Private Robin Hoods Bay, Whitby & the Moors

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Your tour at a glance

Explore the famous area of the North York Moors National Park. Famed for the largest area of heather moorland in England, there is much more than meets the eye. The moors are one of the most important historical areas in Britain in terms of religion, farming, mining, fishing and smuggling It has more ancient scheduled monuments than anywhere in the country including, standing stones, stone crosses and burial mounds.

Explore historic towns, quaint villages and historic sites such as Whitby Abbey. Enjoy unrivalled views across the Yorkshire coast and for miles across the Yorkshire. On a clear day views can exceed 50 miles.

Discover the Smuggling history of Robin Hoods Bay, this quintessential fishing village is built on the steep cliff edges dropping from the moor tops into the North Sea and is famed for its narrow winding streets used by smugglers to evade the customs and excise offices.

Tour Itinerary




Full day 09:00 - 17:30

Activity Level

This tour is a guided scenic mini-coach tour, but there are times when you will have the option to walk up to a few hundred metres to take in a view or point of interest.



Group Size

16 passengers maximum


  • Exclusive Use of our vehicle;
  • Driver/Guide for the day;
  • On-board commentary in English.

Pickup Service

Private Tours can pick up from a variety of locations. 

Please select an option within these areas when booking online. If you wish to request a specific location please contact us directly via phone or email to enquire. 

Some locations may not be possible for this tour or may require an additional charge. 

Luggage on board

There is space on-board for hand luggage and there is a small boot for extra luggage. 


Lunch is not included, however there will be a lunch stop.

Cancellation Policy

To confirm a booking we require the full amount at time of booking. You may cancel 72 hours prior to departure and recieve a full refund. After 72 hours no refund will be issued.

We leave York heading east to the edge of the North Yorkshire Moors. Our first stop is the quaint town of Pickering. Here you can explore the historic Church of St Peter and St Paul and discover the amazing medieval murals adorning the Nave of the Church. Pickering is the southern terminus of the North York Moors Railway, England’s busiest heritage line where you might find a steam train waiting in the station.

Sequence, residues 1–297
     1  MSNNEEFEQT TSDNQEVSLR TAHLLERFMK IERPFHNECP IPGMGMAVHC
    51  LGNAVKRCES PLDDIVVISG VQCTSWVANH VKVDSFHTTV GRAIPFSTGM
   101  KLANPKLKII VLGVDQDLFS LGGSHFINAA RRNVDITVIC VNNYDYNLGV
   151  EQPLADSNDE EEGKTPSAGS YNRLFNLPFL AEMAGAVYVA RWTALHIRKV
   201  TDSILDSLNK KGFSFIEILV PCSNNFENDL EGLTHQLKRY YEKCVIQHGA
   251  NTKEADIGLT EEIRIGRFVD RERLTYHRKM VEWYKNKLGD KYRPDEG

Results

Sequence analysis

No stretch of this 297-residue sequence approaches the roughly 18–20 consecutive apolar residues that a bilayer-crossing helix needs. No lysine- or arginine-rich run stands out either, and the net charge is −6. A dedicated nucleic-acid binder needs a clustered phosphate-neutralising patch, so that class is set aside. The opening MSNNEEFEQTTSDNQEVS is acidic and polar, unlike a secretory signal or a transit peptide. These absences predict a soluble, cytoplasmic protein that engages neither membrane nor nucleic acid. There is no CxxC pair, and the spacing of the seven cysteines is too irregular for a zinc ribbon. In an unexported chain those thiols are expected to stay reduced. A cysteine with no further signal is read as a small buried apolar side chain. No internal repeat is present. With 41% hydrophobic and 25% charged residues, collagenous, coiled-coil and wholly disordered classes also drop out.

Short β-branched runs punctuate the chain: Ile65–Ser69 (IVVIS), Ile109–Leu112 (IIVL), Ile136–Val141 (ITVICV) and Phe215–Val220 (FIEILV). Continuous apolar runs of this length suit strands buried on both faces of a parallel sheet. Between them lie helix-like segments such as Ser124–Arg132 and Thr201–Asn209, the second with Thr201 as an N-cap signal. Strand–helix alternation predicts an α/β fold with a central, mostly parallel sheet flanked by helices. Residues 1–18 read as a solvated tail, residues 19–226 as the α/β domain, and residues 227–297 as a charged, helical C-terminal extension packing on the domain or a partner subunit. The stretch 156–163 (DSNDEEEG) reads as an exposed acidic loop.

From here we head into the moorland landscape, forged by nature and shaped by humans. We make a brief stop for photos at the famed Hole of Horcum, Legend has it was formed by Wade the Giant following an argument with his wife Bell.

We continue on to the famed smuggling village of Robin Hoods Bay. We will have approximately 1 hour to head down the steep and narrow path where you will meet the North Sea. There are plenty of independent shops to enjoy and for the more adventurous a maze of narrow winding paths that lead you through the hidden street that were used hundreds of years ago by the smugglers.

A short drive brings us to the historic Town of Whitby. This old port was once famous for fishing, whaling and is where Captain Cook set sail from to discover Australia. Here you will have 1 and 1/2 hours to explore the famous Whitby Abbey linked to Bram Stokers Dracula and have lunch in one of the towns many fish and chip shops. Discover the towns interesting independent shops including the famous Jet Jewellery stores where you might catch jewellery making in action.

After we leave Whitby we traverse the entire width of the park. There will be plenty of photo stops along the way as we discover why this landscape was designated a national park. High heather moorland is interspersed with deep cut valleys carved out during the Ice ages thousands of years ago. Spot ancient standing stones, stone crosses and burial mounds that tell the history of the people of North York Moors.

We end the day with a relaxing stop in stunning village of Hutton le Hole. This village is made of stone cottages linked to the wool industry of the area and many date back to the 17th century. A little stream cuts through the centre of the village which is lined with trees and white fencing. Sheep often are seen grazing on the village greens. It is often described as the prettiest village in the moors.

From Hutton Le Hole we head through the back roads through gently rolling scenery and pretty villages, weather depending we may spot York Mister 14 miles away and the Ruins of Sheriff Hutton Castle before arriving back into York.

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